Surgeons from West may head for OTs here
- Will reach out to 'muslim' brothers, address Ram Temple issue: Modi
- Congress backs Priyanka Gandhi as she hits out at opposition for 'targeting Robert Vadra without proof'
- Elections 2014 LIVE: Modi has lowered the standard of political discourse in the country, says Chavan
- Would prefer to go to Pakistan than stop criticising Narendra Modi: Omar Abdullah
- IPL 7 Live Cricket Score, KXIP vs SRH: KXIP set for another big total as Maxwell punishes SRH
Indian doctors, especially surgeons, have for long held that government hospitals with their large number of patients are among the best training grounds. Now, in an extension of that belief, trainee surgeons from the West starved of experience due to regulations restricting time spent in operation theatres there could head to private hospitals in India to sharpen their skills.
This expectation is not without basis. In an article published October 10, British Medical Journal reported a successful experiment involving a trainee paediatric cardiac surgeon from a London hospital, who spent nine months at a Bangalore hospital.
Italian-born Dr Simone Speggiorin underwent an intense programme in paediatric cardiac surgery at Narayana Hrudayalaya hospital before returning to Britain's National Health Service.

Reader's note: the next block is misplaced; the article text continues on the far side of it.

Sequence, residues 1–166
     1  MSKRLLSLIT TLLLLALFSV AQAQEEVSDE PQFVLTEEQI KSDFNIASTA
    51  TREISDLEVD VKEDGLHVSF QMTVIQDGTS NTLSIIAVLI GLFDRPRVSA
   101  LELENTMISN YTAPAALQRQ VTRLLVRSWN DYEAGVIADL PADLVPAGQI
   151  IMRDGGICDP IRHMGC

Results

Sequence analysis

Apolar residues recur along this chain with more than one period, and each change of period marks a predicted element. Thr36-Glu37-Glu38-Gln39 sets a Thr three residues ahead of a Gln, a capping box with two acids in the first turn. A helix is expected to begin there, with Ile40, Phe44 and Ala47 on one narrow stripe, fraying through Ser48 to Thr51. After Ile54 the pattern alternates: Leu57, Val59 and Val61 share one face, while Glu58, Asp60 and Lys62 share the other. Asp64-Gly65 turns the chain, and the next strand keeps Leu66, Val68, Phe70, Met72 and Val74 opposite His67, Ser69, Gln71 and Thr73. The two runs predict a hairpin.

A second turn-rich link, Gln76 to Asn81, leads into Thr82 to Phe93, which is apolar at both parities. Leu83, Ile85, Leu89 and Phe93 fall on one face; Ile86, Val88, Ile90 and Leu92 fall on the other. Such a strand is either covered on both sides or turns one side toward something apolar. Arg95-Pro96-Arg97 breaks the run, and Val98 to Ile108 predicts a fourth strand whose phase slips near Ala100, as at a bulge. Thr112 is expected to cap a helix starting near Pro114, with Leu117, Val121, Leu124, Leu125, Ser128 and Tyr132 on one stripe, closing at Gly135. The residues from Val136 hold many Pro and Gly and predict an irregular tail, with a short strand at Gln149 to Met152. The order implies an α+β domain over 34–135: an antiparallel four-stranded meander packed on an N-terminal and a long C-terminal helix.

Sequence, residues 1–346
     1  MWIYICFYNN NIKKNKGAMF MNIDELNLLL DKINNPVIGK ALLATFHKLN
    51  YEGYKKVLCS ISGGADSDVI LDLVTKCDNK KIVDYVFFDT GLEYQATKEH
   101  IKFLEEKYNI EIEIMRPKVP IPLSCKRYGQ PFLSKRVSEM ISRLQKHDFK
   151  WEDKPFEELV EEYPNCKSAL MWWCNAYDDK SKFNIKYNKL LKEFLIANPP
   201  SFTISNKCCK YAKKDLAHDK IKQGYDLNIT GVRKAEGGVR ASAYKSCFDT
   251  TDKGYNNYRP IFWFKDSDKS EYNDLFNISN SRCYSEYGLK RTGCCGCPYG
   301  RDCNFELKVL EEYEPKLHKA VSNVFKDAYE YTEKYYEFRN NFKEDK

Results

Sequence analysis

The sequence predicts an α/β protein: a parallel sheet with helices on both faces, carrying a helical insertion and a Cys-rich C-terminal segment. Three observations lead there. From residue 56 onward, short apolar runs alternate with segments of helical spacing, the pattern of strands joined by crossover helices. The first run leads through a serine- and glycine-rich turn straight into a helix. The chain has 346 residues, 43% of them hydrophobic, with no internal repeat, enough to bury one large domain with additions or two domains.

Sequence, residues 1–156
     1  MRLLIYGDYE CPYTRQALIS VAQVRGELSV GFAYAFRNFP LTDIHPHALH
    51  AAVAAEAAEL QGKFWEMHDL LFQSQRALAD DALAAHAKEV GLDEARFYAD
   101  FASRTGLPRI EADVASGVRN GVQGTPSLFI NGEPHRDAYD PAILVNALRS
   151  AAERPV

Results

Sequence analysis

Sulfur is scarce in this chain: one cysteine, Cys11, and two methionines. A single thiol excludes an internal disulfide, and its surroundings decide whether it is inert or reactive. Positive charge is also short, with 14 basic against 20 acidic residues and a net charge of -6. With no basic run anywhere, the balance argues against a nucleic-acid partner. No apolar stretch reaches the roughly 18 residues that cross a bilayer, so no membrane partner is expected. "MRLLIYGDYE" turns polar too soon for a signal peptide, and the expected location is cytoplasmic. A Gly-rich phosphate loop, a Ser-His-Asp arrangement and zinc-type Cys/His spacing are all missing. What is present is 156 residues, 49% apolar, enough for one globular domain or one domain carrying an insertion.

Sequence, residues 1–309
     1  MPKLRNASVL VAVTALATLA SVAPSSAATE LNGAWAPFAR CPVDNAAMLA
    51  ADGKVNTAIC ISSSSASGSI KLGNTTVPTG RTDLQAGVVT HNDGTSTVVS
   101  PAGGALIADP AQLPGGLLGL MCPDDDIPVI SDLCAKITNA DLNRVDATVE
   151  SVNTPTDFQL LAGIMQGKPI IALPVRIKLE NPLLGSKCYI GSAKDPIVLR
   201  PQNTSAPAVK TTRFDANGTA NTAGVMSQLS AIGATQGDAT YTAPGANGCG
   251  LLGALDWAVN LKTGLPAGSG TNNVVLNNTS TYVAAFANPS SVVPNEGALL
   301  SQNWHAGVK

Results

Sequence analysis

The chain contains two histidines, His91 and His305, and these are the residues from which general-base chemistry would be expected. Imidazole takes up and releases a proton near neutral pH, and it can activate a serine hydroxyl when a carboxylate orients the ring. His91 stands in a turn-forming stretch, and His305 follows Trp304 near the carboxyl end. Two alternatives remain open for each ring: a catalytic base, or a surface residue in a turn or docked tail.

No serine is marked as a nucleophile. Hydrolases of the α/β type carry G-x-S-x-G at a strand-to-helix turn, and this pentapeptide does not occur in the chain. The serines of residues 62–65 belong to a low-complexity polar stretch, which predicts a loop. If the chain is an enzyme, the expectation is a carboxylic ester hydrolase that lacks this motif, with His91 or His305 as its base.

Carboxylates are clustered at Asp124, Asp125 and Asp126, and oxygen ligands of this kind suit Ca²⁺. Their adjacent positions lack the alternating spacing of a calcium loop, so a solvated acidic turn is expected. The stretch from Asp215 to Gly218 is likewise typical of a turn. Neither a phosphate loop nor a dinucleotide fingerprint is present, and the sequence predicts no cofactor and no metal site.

"This radical approach was introduced by Dr Martin Elliott, head of the Great Ormond Street Children's Hospital, London, one of Europe's most sought-after hospitals for children," said Dr Devi Shetty, a cardiac surgeon and founder of Narayana Hrudayalaya.
The BMJ article emphasised the need to send British cardiac surgeons from the NHS for training in countries such as India and China where patient populations are high and the opportunity for hands-on experience for young surgeons high, Shetty said.
Doctors in Britain are also concerned about the lack of experience among their juniors, Elliott says in the article.
Speggiorin worked 12 hours a day, six days a week and performed three or four operations a day at Narayana Hrudayalaya from January to September this year. "The workload is massive. It's heaven for a surgeon," he told BMJ, adding that he had done more medical work in his last two months in India than he had in 10 years.
Narayana Hrudayalaya now plans to have more foreign doctors over to train at its facilities.
- Five months after gruesome ATM attack, accused still at large
- Ex-syndicate member of Bangalore University held in marks-for-cash scam
- Accused get bail as police fail to file chargesheet
- ‘Naxals collected info on trucks carrying explosives from Khadki to Ahmednagar’
- A tale of two villages: Ramayan and Mahabharat
- UP CM tears into Modi bastion on first visit to Gujarat, says Third Front ready